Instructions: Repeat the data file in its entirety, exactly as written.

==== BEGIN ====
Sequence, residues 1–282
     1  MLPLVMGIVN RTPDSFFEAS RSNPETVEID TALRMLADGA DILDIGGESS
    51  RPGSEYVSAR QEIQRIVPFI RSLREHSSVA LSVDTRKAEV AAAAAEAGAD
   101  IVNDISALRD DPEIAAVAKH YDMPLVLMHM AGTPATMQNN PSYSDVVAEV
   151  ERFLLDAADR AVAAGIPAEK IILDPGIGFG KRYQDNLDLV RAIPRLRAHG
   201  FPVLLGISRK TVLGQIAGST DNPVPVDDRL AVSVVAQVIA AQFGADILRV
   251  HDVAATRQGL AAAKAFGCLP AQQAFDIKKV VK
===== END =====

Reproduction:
Sequence, residues 1–282
     1  MLPLVMGIVN RTPDSFFEAS RSNPETVEID TALRMLADGA DILDIGGESS
    51  RPGSEYVSAR QEIQRIVPFI RSLREHSSVA LSVDTRKAEV AAAAAEAGAD
   101  IVNDISALRD DPEIAAVAKH YDMPLVLMHM AGTPATMQNN PSYSDVVAEV
   151  ERFLLDAADR AVAAGIPAEK IILDPGIGFG KRYQDNLDLV RAIPRLRAHG
   201  FPVLLGISRK TVLGQIAGST DNPVPVDDRL AVSVVAQVIA AQFGADILRV
   251  HDVAATRQGL AAAKAFGCLP AQQAFDIKKV VK